During the construction of the Egyptian cities of Pithom and Rameses (Exodus 1:11), Moses probably inspected the progress. He may have been standing shoulder-to-shoulder with his grandfather, the Pharoah, when he first saw the grand design of the cities with their huge storehouses. From their vantage-point, the Israelite workforce, numbering in the tens of thousands, looked like ants. Some were mixing mortar and forming the bricks, others were firing the great kilns where the bricks were baked and hardened, while others were laying the newly-fired bricks in perfect rows, building walls and towers. He may have winced a little as he witnessed the task-master’s mistreatment of the Israelites. Whipped like oxen, they were driven and forced into their back-breaking labors.
It is likely that Moses shared his grandfather’s pride. These were grand accomplishments, achievements of the world’s greatest and most advanced of all nations. They, the Egyptians, were creating something unknown in any other corner of the globe. They were Egyptians!
Imagine this: Back in the royal palace, it’s early morning. Moses calls for his servants who are immediately dispatched to prepare his perfectly polished chariot, harnessed to two impressive steeds. With his royal robes and his magnificent headdress, he might have been mistaken for Pharoah himself. With the reigns in one hand, and a whip in the other, Moses expertly drives his team out of the great walled city, through the impressive gates, and out into the world. Moses is on a mission.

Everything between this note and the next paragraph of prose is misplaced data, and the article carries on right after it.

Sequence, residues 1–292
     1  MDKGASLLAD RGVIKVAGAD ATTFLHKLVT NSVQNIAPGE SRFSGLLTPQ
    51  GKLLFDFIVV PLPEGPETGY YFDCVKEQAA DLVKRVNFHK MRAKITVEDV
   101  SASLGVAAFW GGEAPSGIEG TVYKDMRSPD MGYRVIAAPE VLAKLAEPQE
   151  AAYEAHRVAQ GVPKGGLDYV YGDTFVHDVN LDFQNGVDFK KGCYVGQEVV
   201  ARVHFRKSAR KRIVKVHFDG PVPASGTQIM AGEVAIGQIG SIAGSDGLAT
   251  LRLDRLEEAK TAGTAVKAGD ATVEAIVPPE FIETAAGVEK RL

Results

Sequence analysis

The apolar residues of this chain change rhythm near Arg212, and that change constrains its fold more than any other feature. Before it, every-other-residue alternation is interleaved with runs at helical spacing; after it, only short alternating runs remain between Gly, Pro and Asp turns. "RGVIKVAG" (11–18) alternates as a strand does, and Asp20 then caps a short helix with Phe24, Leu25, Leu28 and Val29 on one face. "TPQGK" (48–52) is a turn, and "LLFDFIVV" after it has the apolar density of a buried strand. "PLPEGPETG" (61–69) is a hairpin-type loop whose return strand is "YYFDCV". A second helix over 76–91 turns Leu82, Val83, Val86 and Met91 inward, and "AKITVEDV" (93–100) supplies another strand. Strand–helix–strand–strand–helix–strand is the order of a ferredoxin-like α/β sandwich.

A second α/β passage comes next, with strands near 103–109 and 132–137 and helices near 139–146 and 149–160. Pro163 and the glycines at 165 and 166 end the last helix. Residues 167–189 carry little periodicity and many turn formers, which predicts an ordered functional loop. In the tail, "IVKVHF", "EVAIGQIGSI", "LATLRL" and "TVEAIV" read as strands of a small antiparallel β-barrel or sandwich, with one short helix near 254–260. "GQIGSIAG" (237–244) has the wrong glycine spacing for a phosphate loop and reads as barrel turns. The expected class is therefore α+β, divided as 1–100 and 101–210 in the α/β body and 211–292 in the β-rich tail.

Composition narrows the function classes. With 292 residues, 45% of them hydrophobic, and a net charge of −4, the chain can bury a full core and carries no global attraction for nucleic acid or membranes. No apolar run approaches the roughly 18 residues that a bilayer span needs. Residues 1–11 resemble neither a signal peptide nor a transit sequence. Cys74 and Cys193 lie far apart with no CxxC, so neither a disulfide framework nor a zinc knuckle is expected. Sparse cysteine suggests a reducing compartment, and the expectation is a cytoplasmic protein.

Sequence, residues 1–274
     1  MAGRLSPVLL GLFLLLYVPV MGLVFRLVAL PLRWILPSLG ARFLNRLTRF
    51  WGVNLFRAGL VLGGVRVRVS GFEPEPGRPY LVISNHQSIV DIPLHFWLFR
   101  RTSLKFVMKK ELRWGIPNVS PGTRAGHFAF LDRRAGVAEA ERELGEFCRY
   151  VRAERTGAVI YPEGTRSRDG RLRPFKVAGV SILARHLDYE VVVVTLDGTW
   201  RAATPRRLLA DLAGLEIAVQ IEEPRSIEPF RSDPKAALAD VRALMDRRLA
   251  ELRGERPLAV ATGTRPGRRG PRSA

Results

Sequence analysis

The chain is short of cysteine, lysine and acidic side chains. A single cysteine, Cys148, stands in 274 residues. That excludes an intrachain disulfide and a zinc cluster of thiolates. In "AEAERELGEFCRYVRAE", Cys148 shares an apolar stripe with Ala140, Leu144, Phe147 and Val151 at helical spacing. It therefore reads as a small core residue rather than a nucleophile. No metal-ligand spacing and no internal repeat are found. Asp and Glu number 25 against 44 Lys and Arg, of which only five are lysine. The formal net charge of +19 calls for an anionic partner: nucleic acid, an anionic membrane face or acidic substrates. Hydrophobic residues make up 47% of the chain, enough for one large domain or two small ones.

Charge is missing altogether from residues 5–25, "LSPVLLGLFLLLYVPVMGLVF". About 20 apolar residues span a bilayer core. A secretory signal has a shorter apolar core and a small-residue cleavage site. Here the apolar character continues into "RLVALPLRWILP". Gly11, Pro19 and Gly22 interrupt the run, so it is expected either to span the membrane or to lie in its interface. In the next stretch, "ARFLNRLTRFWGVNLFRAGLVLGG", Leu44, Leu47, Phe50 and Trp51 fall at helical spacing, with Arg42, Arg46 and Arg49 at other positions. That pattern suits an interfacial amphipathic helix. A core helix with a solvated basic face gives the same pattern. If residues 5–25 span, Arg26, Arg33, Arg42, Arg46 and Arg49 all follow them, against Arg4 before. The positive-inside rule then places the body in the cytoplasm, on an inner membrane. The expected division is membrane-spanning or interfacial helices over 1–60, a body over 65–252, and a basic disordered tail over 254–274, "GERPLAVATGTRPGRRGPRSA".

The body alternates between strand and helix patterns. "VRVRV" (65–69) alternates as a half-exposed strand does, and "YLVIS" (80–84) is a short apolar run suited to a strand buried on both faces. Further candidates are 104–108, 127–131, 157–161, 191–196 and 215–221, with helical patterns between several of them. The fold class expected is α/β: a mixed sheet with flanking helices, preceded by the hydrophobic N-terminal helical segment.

“When he was forty years old, he decided to visit his own people, the Israelites” (Acts 7:23). Moses “went out to his own people and observed their forced labor (Exodus 2:11).
I’m only guessing. I can’t be certain, but something was happening in Moses’s heart. Moses was an Israelite living in an Egyptian world. He knew that the blood coursing through his veins was Israelite blood, yet he wore the clothing and enjoyed the trappings of Egyptian royalty. At one moment, Moses swelled with Egyptian pride, and then he grieved for his Hebrew family. He knew that they were being cruelly mistreated and the young Egyptian prince lay awake at night contemplating his response. Something motivated Moses to “visit his own people.”
The Spirit of God was at work. “By faith Moses, when he had grown up, refused to be called the son of Pharaoh’s daughter and chose to suffer with the people of God rather than to enjoy the fleeting pleasure of sin” (Hebrews 11:24-26).
Having decided to follow his heart, Moses drove his chariot, inspecting the construction projects, and watching closely the mistreated Hebrew slaves. “When he saw one of them being mistreated, he came to his rescue and avenged the oppressed man by striking down the Egyptian” (Acts 7:23-24). “He saw an Egyptian striking a Hebrew, one of his people. Looking all around and seeing no one, he struck the Egyptian dead and hid him in the sand” (Exodus 2:11–12). Instead of seeking the Lord’s direction, he took matters into his own hands.
Years later Moses would clearly hear God say, “Don’t be afraid. Stand firm and see the Lord’s salvation... The Lord will fight for you, and you must be quiet” (Exodus 14:13–14). God had a better plan! He always does. Moses’s attempt to “rescue and avenge”his people was forty-years premature. God knew that Moses needed forty-years of wilderness training, and that the Israelites needed forty more years of humbling service in Egypt. God is never late. He is never too early. He’s always right on time.